What’s New for Workers’ Comp in 2018: CA Senate Bill 1160

What’s New for Workers’ Comp in 2018: CA Senate Bill 1160

In 2016 California passed Senate Bill 1160, which heralded significant workers’ compensation reform. SB 1160 outlined major changes to authorization, utilization review, lien filing, billing deadlines, and more. Some changes took effect in 2017, while others are newly effective, as of January 1 this year.

Let’s take a look at the major changes SB 1160 brings to workers’ comp in 2018.

Authorization and Utilization Review

First and foremost, SB 1160 radically altered the RFA and UR processes by adding a streamlined “automatic” authorization for certain treatments under certain conditions. We’ve discussed those conditions and new submission timeframes at length on our blog. Entities conducting UR for all treatments are also subject to new requirements.

The changes are outlined in the new Labor Code Section 4610. SB 1160 repealed the previous § 4610 and replaced it with the current version, effective January 1.

Automatic Authorization




Submit RFA

Provider submits RFA for prospective utilization review before providing treatment.

Treatments that meet 6 required conditions are automatically authorized. Provider submits RFA within 5 days of providing “automatically” authorized service.

Submit Original Bill

Provider submits original bill within 12 months of date of service

Provider submits original bill for automatically authorized services within 30 days of date of service for non-emergency treatment, or 180 days for emergency treatment (12 months for non-automatically authorized services)

Utilization Review




Utilization Review Accreditation

No accreditation for UR entities or processes

Processes may be internal and undisclosed

Entities accredited and held to specific standards regarding timeliness, “medical material” used, and rules against financial incentives

Processes must be disclosed to employees, physicians, and the public

Financial incentives for UR decisions

Financial rewards for modify/deny decisions permissible

Financial rewards for modify/deny decisions barred

Financial relationships with entities conducting UR

Insurers and TPAs may refer UR to entities in which they have undisclosed financial interest

Insurers and TPA’s may only refer UR to entities in which they have financial interest after providing full written disclosure to the employer and the DWC Administrative Director

Independent Medical Review (IMR)

The official approval and adoption of an evidence-based drug formulary per Assembly Bill 1124 also affects the new rules under SB 1160. Previously, an injured worker could challenge a UR decision by filing for Independent Medical Review (IMR) within 30 days of receipt (providers may assist in this process, but only the patient can initiate the dispute).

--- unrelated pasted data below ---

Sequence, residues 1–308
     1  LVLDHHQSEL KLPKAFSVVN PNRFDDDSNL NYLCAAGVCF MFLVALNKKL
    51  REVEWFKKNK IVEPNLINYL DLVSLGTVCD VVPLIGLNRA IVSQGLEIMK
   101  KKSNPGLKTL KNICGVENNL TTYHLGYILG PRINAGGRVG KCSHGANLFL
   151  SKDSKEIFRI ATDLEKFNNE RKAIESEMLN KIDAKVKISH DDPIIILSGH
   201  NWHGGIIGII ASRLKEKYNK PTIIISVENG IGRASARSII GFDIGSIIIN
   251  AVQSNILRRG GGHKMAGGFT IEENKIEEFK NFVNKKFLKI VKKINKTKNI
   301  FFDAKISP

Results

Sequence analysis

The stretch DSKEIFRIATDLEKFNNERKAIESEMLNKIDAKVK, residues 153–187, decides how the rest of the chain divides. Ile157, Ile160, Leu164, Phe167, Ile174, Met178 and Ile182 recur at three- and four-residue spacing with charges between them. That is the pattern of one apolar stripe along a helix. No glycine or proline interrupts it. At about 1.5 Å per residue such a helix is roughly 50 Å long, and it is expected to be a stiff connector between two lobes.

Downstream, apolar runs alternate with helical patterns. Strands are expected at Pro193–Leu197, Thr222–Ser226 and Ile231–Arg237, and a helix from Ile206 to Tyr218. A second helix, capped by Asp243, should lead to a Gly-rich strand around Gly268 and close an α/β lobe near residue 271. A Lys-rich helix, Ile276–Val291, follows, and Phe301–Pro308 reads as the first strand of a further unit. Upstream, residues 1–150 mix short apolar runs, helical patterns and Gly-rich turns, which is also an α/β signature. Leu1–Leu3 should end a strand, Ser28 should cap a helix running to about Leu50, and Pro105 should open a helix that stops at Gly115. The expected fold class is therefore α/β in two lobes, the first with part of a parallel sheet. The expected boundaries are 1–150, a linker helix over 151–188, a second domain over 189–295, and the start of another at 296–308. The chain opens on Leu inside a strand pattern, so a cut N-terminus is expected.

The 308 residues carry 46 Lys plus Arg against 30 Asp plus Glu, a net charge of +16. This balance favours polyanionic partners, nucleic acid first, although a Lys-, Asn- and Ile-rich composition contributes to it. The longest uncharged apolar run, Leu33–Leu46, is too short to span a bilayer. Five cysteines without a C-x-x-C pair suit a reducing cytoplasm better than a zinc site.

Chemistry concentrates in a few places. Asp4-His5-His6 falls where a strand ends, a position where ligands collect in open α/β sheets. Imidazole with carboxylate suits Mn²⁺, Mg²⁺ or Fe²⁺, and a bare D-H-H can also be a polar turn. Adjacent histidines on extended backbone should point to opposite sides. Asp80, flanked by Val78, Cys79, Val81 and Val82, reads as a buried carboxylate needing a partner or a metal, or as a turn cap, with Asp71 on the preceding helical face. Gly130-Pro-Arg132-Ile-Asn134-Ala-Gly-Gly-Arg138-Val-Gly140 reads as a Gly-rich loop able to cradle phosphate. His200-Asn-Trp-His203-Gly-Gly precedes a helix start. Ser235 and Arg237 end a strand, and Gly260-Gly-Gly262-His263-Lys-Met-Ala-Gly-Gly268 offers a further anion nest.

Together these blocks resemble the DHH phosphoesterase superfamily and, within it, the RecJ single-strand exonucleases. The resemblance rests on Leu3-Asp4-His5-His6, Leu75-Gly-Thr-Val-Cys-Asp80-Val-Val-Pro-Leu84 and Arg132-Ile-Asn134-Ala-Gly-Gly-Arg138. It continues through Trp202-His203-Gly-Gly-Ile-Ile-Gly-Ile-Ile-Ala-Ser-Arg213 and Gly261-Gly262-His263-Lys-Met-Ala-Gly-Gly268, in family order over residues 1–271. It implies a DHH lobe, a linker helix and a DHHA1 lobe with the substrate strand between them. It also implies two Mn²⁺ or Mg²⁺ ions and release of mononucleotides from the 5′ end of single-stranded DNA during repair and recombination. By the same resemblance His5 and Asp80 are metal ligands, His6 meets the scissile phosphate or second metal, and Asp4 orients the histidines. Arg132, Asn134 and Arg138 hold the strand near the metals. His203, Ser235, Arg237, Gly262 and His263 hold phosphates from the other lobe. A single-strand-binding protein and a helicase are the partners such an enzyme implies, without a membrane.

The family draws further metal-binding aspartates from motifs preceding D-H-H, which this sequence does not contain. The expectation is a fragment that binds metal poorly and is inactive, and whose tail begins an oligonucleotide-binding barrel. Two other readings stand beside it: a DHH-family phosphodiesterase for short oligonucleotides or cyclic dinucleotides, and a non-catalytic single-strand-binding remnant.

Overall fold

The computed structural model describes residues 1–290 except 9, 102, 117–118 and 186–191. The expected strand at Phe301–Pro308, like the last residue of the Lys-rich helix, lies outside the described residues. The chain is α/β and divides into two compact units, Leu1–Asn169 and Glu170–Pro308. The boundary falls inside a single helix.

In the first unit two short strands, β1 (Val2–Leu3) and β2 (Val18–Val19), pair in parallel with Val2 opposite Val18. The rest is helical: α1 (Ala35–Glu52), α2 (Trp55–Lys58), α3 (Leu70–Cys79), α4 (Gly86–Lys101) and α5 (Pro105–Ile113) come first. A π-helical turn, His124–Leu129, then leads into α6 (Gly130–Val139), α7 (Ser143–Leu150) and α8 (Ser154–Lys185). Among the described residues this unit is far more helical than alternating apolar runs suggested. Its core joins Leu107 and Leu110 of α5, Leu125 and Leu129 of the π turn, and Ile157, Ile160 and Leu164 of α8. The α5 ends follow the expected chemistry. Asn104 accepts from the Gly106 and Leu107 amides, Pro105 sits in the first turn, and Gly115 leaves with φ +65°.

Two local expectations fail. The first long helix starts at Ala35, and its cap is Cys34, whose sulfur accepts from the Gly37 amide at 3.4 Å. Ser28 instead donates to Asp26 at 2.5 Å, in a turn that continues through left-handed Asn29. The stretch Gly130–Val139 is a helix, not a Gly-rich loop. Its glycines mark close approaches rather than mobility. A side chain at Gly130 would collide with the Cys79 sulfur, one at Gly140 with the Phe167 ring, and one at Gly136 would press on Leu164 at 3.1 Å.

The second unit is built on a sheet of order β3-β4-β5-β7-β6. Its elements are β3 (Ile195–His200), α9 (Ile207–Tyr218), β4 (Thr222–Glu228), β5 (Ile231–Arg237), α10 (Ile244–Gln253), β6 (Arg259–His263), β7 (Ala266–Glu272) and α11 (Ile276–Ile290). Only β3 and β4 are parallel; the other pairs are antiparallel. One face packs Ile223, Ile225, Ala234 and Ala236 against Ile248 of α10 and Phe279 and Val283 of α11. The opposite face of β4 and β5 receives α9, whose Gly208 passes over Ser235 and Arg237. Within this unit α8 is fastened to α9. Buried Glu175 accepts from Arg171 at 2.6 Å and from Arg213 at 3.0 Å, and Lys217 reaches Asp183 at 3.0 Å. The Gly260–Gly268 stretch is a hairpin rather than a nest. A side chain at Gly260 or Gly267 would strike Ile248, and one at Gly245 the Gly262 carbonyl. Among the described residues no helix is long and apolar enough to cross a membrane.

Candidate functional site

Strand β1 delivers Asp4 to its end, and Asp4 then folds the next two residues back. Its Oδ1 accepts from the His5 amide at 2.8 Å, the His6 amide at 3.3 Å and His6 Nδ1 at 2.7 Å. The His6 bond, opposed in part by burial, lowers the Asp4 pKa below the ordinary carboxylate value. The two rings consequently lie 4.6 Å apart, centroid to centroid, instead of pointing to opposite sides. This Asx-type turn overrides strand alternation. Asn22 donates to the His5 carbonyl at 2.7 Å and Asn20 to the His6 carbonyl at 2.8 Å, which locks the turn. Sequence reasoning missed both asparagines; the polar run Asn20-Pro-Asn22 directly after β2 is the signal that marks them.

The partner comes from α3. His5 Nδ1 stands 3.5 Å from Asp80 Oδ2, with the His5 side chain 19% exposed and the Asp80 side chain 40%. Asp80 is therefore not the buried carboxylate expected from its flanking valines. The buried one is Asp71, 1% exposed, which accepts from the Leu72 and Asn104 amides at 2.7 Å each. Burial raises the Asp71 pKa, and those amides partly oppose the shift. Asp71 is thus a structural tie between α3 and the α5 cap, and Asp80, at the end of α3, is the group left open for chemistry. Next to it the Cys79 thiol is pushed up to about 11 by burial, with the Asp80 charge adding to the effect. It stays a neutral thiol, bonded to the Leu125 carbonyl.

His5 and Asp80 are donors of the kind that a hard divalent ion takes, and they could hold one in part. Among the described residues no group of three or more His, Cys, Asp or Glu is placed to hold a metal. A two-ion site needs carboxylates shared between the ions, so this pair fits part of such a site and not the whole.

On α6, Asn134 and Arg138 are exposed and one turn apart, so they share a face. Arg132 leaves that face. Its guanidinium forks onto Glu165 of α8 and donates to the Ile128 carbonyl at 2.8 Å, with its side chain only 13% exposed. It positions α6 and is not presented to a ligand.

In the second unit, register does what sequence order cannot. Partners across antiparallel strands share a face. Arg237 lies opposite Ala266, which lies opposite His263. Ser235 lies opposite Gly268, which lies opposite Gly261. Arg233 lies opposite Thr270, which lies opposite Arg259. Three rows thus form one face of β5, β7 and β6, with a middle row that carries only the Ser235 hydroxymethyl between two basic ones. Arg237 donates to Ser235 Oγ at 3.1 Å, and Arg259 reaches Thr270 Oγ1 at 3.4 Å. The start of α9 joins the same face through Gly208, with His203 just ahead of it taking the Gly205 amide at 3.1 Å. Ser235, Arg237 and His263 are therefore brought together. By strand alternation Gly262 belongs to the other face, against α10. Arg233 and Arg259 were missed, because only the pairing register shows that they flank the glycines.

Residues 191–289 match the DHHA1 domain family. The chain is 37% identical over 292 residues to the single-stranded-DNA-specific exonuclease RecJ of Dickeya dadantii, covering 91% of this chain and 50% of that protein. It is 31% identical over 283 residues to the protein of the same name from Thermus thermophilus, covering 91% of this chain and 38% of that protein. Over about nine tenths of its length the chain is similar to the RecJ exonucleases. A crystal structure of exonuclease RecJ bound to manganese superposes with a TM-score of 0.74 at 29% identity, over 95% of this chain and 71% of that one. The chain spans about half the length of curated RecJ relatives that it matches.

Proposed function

Now, disputes regarding authorization for medication are subject to the drug formulary, and injured workers face tighter deadlines for requesting IMR.




Disputes regarding medical necessity of drugs

Injured workers must file for IMR within 30 days of receiving UR decision for all treatments

Injured workers must file for IMR within 10 days of receiving modify or deny UR decisions for drugs

UR and IMR decisions subject to drug formulary per MTUS

Denied Claims

SB 1160 also required the DWC to adopt rules for when an employer denies an employee’s workers’ compensation claim. Following denial, the employer must provide notice of the employee’s right to access medical treatment outside the worker’s comp system.

The notice must contain a DWC-approved statement outlining employee rights, found in California Code of Regulations (CCR) § 9812. Some (including ourselves here at DaisyBill) found the proposed required language unclear and potentially misleading, in spite of its stated aims.




Denied claim

No notice required

Following denial of a claim, the employer must issue notice of the employee’s right to seek treatment outside the workers’ comp system, worded per CCR § 9812

Interpreter Services

2018 brings new rules regarding the credentials and payment of language interpreters. SB 1160 standardizes payment and credentialing, while clarifying where the responsibility to reimburse interpreters falls.




Interpreter credentials and identification

No DWC- established credentials for interpreters

DWC Administrative Director establishes criteria for interpreter credentials and identification.

Attorney Fees

The DWC Administrative Director is now empowered to determine a range of fees employers or insurers must pay to cover the cost of attorneys for deponents in appeals board cases, the specific fee in each case to be determined by the appeals board itself.




Attorney fees for deponents in WCAB cases

No provision for determining acceptable range of attorney fees

DWC Administrative Director determines range of reasonable fees for deponent’s attorney.

DaisyBill offers a full suite of cloud-based billing software to help providers easily obtain the correct reimbursement. Schedule a free demonstration today, and see how DaisyBill can improve your bottom line.


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